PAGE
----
Developing countries are disproportionately affected by climate change. Heat, droughts and water shortages hamper economic development and the way out of poverty for many people. As Austria's largest provider of international climate finance, OeEB supports developing and emerging countries in the fight against climate change.
Ambitious financing objectives
As part of the UN Climate Conference in Paris in 2015 (COP 21), Austria pledged to provide at least half a billion euros in international climate finance in the period 2015-2020. This commitment is linked to the collective goal of all industrialised nations to mobilise USD 100 billion per year by 2020 for climate financing. As of 2020, the United Nations will discuss a new, more ambitious financing objective for the period after 2025.
We consider it one of our comparative strengths that we use our instruments in a particularly efficient and effective way to contribute to this climate finance objective and want to retain our position as one of the largest international climate financiers in Austria. Therefore, OeEB has set itself the goal of investing at least an average of 40% of its new business in climate-related projects in the years 2019-2023.
The focus of our commitment is in the area of emission reduction, which we achieve, for example, by financing projects in the field of renewable energy.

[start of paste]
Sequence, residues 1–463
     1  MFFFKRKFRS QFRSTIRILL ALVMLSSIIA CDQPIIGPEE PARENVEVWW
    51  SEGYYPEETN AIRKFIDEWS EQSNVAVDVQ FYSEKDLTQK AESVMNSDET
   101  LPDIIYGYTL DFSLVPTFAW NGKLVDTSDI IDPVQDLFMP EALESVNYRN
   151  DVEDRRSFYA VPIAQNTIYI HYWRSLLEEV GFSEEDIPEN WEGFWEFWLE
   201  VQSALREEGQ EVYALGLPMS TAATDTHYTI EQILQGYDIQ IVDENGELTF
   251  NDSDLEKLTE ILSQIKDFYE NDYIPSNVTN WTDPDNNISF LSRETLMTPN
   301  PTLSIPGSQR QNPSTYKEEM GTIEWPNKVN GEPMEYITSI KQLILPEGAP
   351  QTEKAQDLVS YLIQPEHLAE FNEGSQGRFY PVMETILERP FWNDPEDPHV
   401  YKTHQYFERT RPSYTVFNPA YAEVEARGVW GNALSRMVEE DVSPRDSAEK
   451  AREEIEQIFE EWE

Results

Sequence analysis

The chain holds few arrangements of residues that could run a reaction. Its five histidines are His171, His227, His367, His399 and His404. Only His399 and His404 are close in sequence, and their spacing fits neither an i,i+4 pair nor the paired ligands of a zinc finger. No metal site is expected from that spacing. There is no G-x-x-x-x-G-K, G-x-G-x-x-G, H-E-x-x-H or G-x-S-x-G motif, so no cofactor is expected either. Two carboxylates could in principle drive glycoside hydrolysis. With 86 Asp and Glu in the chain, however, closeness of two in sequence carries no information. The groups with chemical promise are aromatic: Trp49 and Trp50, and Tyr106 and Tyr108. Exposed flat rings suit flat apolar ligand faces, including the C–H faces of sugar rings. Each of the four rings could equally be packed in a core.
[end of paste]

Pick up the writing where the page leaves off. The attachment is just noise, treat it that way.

Financing climate-friendly growth
We are aware of possible trade-offs between, on the one hand, the objective of contributing to economic growth and thus job creation in developing countries and, on the other hand, the objective of acting to combat climate change. OeEB therefore uses targeted financing in the field of renewable energy in order to meet the energy demand in developing countries, which is inevitably increasing due to population and economic growth, in the most climate-friendly way possible.
In contrast to official development assistance (ODA), private investment mobilised by public financing is also eligible in the area of climate finance. Here we see great potential to use our instruments specifically to mobilise private funds.
According to Article 2.1.c of the Paris Agreement, all national and international financial flows must be consistent with the objective of limiting global warming to max. 1.5 to 2 degrees in the future and thus contribute to low-carbon development. OeEB is committed to this mainstreaming of climate protection and will also endeavor to support technologies which emit as little CO2 as possible as part of projects which do not explicitly target climate protection.